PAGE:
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Pre Contest Diet

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Bodybuilding and Fitness Pre Contest Diet Made Simple

by Mike Prevost, Ph. D.

Pre-contest dieting is hard, especially for the drug free bodybuilder. How many times have you seen a bodybuilder, who is huge in the off season, reduced to a mere shadow of himself by contest time? To the novice, the concepts may seem simple: "Just cut back on the calories and lose weight, right?" Or, "as long as I keep working out I won't lose muscle." Unfortunately it doesn't work that way.

Your brain is the problem. No, I'm not referring to your intelligence. Your brain uses only carbohydrates (not fat) as a source of energy, and your body will protect the brain at all costs. During a diet when blood sugar levels can be very low, the body will release the hormone cotrisol. Cortisol is a catabolic hormone that converts muscle proteins to carbohydrates to feed the brain. This leads to the loss of muscle mass often seen with pre-contest diets. But don't despair. The answer is a logical, conservative approach to dieting, along with accurate daily data collection.

You will need an accurate scale, a notebook, a good tape measure, a food scale, a food nutrition content guide, a mirror and a pair of skinfold calipers. The dieting process should begin at least three to four months before the contest. This may seem like a long time, but the drug-free bodybuilder needs a more conservative approach.

Assessing Body Composition

First you will need an accurate assessment of your body composition. Have your body fat percentage measured at a health club, a local university (by the exercise physiology department), a local hospital, or do it yourself with skinfold calipers. You will be aiming for 5-8% body fat by contest time, so you must determine how much fat you have to lose. For example, our hypothetical bodybuilder weighs 200 pounds with 20% body fat, so he has 40 pounds of fat (200 times 0.2). To get down to 5% body fat, he would need to lose 30 pounds of fat.

Calories Needed for Your Weight

Next, determine how many calories you need to maintain your current body weight. Record everything you eat for at least one week (two is preferable). Use your food scale and food nutrition content guide to determine the calorie, fat, carbohydrate and protein content in all the foods you eat. Calculate the average number of calories you consume daily (number of calories total divided by number of days).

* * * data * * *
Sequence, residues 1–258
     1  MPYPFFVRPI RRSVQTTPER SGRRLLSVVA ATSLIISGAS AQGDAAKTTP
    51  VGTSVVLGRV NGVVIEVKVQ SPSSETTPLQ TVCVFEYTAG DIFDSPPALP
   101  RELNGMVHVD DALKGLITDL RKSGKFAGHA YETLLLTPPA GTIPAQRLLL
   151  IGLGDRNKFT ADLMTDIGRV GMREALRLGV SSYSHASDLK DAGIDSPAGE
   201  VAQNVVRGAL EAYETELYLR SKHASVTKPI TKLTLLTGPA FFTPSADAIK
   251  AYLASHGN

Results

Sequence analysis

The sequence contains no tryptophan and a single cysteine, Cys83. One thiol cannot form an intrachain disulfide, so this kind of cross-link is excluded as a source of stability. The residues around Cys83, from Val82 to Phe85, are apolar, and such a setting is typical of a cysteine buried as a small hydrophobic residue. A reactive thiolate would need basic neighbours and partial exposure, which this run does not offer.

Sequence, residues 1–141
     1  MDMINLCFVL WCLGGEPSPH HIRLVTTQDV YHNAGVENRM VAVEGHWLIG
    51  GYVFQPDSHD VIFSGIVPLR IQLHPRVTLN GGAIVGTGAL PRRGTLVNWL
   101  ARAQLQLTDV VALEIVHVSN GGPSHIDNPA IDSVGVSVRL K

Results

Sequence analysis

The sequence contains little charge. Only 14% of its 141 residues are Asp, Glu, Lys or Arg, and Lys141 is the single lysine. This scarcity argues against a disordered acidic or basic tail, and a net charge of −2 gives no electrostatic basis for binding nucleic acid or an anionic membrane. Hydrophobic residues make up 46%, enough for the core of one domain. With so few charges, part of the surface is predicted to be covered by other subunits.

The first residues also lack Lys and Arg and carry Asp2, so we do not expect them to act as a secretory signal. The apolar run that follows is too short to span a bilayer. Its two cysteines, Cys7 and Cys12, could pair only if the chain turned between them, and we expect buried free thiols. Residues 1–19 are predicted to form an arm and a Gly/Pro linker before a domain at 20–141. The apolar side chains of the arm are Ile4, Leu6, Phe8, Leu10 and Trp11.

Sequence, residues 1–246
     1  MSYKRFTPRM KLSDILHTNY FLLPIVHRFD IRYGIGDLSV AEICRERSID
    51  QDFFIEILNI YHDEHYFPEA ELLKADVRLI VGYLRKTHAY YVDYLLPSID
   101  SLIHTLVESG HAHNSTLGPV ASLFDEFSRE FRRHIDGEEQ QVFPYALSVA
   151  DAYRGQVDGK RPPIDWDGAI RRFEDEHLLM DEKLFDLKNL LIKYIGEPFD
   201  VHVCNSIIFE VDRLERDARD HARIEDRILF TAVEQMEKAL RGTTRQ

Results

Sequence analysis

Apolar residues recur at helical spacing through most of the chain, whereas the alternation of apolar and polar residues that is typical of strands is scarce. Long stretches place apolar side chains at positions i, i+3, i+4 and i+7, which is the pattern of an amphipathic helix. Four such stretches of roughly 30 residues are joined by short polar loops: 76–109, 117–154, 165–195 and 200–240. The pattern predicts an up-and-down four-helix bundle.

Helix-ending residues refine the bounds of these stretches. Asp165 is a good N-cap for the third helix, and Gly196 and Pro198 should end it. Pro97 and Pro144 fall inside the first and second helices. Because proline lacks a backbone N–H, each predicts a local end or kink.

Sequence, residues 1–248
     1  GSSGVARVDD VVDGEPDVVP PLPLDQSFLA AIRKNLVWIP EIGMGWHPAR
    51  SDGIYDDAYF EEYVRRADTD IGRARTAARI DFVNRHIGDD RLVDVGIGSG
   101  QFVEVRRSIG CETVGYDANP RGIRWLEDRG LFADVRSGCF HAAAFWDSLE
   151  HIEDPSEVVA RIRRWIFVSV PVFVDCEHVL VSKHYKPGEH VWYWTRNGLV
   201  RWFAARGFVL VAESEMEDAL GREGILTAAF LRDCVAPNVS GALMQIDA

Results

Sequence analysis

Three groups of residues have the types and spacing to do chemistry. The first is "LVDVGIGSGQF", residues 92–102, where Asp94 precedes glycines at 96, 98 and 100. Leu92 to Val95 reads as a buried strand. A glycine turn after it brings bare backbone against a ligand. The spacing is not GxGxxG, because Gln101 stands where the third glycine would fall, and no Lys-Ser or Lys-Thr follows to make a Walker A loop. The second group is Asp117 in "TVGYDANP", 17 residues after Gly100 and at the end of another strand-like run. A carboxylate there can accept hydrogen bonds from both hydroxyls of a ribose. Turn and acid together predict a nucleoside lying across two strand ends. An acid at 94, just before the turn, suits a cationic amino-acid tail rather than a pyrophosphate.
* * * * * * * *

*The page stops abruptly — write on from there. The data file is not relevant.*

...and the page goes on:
Calculating Caloric Deficit

Now apply some math. Assuming that 3,500 calories is one pound of fat, multiply 3,500 by the number of pounds of fat you need to lose. Continuing with the example of 30 fat pounds to lose, this would give you 105,000 calories. Believe it or not, this is the approximate energy content of that 30 pounds of fat.

In simplified terms, you need a caloric deficit of 105,000 calories by contest time in order to lose the 30 pounds of fat. If there are four months before the contest, divide 105,000 by 120 days and you'll need a deficit of 875 calories per day. However, since every calorie you burn is not gauranteed to be a fat calorie, it is a little more complicated. You must be very careful of what you eat and you must be strict about measuring your body composition, as mentioned below.

What To Eat

The next step is to determine what to eat. The most important nutrient in our pre-contest diet is protein. Muscle is made primarily of protein and water, and without adequate protein, muscle mass can not be maintained. Research has shown that the requirement for bodybuilders is probably somewhere between .5 to 1 gram per pound of body weight. Let's assume 1 gram for simplicity.

Going back to our hypothetical bodybuilder, let's say he typically eats 4,500 calories per day, and he wants a caloric deficit of 875 calories. He now needs 3,625 calories per day. Since he weighs 200 pounds, he needs about 200 grams of protein. At 4 calories per gram of protein, this gives him 800 calories. As much as 90% of the additional 2,825 calories should come from complex carbohydrates, with as little as possible coming from fat. Use your nutritional content guide to determine what is in the foods you eat.

Monitoring Your Progress

It is very important to monitor your progress accurately. Track your weight with a scale, your measurements with a tape measure, and your body fat percentage with skinfold calipers (all bodybuilders should have a pair of calipers and know how to use them).

Even if you are doing everything right, your body doesn't always behave like you want it to. This is why it is crucial to continually monitor your progress. You may find that the fat is not coming off as quickly as you'd like. If this occurs, add aerobic exercise to your routine (3-4 times per week initially). Or perhaps the weight is coming off too fast with an accompanying muscle loss. In this case you would slightly increase your protein and carbohydrate intake. Any changes should be done in small increments and recorded carefully.

Every pre-contest diet will be a learning experience. To make the most of this experience, you must accurately record every detail - what you eat, your body weight, your body composition, your measurements, how you feel, etc.

If this process seems simple, that's because it is! Dieting is not supposed to be mystical. If you track your body composition weekly during your diet, you will have a good assessment of your progress and avoid the panic dieting that can strip you of your hard earned muscle mass.

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